Once Upon a Time in the West (1968) Filming Locations

Location #1: Opening scene — The station

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North of La Calahorra, Granada, Spain


Location #2: Brett McBain’s farm

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Southwest of Tabernas, Almería, Spain


Location #3: Flagstone (and the train station)

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East of Alcudia de Guadix, La Calahorra, Almería, Spain


Location #4: On the way to McBain’s farm / The arch

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Monument Valley, Utah, United States


Location #5: Frank and Morton (camp)

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Unknown

Do you know where this scene was filmed? If you do, please email me at webmaster@themoviedistrict.com. Full credit will be given to you. Thank you.

16 thoughts on “Once Upon a Time in the West (1968) Filming Locations

  1. Diane North

    Possibly Mesa Verde National Park near Cortez, Colorado….(bluff dwellings)…and maybe Pariah Utah…near Kanab

    Reply
  2. Keith Brown

    The ending credits thank the Navaho nation for the use of their territories in Utah and Arizona. I would expect some of those scenes were filmed there as well.
    Just wish the shootout at the train with Frank and Cheyenne’s men wasn’t cut from the film (where Cheyenne caught a bullet from “Mr. Choo Choo”). With Sergio’s attention to detail, I can’t imagine he just left that scene up to our imagination. Lost scene left on the cutting room floor?

    Reply
    1. Stu Forman

      I think that Sergio wanted to keep it a secret that Cheyenne was shot by Morgan so that when he showed up for coffee with Jill at the end it left the viewer thinking maybe there was a future for Cheyenne and Jill at Sweet water

      Reply
    2. Billy boy 68

      There’s a version where they leave the entire shootout and shows Charles Bronson take a bullet to the shoulder

      Reply
  3. Michael

    Grand Canyon along the Colorado River my father was a Choreographer I visited the site as a child while filming while he claimed to have no direct role he told me as we visited they meaning Paromount were filming a Hit Spaghetti Western.

    Reply
  4. Patrick Thompson

    that unknown scene looked like a place that I have hiked into called “Keet Steel” in Navajo Nat. Monument. You have to get advanced permission to hike in this private land and the hike is like 18 miles one way. What a well – kept secret, as few people probably know about this.

    Reply
  5. Amenhotep VII

    It is too small to be Keet Steel and too compact and enclosed to be Canyon de Chelly. I have been trying to find out where it is for the past year but have not had much luck at the moment.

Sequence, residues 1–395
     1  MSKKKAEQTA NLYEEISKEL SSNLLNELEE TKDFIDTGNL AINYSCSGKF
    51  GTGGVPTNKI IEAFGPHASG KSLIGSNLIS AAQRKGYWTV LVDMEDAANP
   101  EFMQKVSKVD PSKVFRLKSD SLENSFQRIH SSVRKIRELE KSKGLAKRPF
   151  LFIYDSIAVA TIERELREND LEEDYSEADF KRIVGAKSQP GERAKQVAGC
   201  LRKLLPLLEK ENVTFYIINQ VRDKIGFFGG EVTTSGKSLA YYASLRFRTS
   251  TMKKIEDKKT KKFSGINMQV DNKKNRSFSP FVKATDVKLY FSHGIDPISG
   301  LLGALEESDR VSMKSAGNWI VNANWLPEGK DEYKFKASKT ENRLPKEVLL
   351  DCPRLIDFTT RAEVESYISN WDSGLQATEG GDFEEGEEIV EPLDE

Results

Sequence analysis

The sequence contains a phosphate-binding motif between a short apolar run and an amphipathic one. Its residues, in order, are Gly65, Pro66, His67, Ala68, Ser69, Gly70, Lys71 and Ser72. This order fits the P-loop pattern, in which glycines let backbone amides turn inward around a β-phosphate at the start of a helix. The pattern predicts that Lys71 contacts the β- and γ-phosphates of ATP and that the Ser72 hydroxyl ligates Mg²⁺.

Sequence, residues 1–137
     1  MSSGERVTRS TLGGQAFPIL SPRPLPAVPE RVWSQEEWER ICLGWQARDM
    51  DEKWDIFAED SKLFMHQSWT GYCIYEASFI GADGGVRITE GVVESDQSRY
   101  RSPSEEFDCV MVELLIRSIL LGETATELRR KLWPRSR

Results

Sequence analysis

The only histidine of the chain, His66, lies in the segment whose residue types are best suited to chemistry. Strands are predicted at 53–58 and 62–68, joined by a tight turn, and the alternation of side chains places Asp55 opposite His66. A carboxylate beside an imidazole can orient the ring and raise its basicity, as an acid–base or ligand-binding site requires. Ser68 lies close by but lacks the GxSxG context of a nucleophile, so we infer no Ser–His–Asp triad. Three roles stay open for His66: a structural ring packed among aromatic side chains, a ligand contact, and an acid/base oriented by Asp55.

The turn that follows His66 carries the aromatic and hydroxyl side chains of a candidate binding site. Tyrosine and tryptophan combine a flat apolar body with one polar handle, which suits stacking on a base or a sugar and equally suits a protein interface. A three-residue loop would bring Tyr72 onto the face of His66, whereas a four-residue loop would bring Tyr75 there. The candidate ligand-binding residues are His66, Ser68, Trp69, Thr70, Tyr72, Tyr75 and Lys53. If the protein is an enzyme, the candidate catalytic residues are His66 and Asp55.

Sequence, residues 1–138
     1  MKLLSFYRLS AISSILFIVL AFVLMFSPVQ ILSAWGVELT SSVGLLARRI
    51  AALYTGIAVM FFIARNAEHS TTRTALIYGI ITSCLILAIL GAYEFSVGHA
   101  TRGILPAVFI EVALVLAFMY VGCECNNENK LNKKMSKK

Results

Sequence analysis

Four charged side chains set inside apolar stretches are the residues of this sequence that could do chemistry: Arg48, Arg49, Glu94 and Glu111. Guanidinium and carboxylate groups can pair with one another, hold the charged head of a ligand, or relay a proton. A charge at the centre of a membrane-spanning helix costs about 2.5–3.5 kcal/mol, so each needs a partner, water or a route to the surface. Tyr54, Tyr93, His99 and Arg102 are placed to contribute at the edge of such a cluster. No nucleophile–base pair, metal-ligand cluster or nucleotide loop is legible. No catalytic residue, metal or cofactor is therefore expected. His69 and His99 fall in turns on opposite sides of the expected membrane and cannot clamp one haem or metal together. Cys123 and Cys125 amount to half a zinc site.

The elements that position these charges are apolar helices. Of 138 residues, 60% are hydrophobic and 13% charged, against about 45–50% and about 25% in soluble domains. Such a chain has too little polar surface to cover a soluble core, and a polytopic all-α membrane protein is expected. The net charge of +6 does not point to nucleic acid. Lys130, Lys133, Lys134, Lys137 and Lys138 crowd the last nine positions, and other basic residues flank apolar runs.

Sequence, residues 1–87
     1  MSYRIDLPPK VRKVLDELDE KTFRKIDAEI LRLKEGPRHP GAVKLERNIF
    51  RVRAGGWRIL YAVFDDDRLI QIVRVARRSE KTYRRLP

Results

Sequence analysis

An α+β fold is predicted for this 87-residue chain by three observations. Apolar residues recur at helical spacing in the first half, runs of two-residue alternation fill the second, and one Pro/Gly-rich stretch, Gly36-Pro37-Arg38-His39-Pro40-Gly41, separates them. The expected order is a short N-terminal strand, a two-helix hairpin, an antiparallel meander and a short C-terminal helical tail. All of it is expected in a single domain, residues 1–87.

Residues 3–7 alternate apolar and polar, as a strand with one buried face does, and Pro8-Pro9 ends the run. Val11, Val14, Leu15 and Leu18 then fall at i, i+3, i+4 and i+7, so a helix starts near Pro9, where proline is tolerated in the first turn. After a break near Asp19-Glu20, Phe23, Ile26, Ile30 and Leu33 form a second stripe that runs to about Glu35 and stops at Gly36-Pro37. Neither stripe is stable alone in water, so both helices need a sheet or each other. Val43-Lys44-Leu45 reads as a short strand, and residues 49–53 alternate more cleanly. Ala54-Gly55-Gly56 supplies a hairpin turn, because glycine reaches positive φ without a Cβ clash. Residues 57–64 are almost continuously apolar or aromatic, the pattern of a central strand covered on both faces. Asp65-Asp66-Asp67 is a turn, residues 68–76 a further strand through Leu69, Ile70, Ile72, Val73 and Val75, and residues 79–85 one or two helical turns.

Reply
  6. Mr Choo Choo

    I have also tried to find this cliff dwelling without success. The 1950s Western “Ace in the Hole” was filmed at the old trading post off the Old Route 66 Highway near Gallup-McKinley, but it does not appear to be any of the caverns in the hills around there. The steepness and the geology is very reminiscent of Canyon de Chelley. In fact the geology looks more like that of Canyon de Chelley than Mesa Verde in my opinion. That hard, red sandstone with its rough textures and contorted and broken-off features is pretty unmistakable. If it was filmed in that area it must have been a “lesser known” cliff dwelling, as it does not resemble any of the ones found on the usual “tourist beat”. I can only conclude this one may have been sourced on a private property. Failing that, I wonder if the cavern was located somewhere in Spain and the adobe dwellings were a “mock up”? I guess it is equally plausible that a cave site in Arizona could have been “mocked up” to make it look like an ancient adobe cliff dwelling. I must admit though, the site in the film does have the appearance of a real cliff dwelling. But the location still remains a mystery.

    Reply
  7. PaulH

    To those looking for the camp/cliff dwelling, it’s located at 36.764458, -110.139011 near Kayenta, AZ. Terrain view in Google Earth can be used to verify the reverse angle from that location.

    Reply
    1. Michael

      Great info – I have been trying to locate this scene for a while and only knew that it was slightly north of Kayenta so I was looking at the Indian ruins further north.
      Is this location easy to access?
      Is it on private Indian land?

      Thanks,
      Michael.

      Reply

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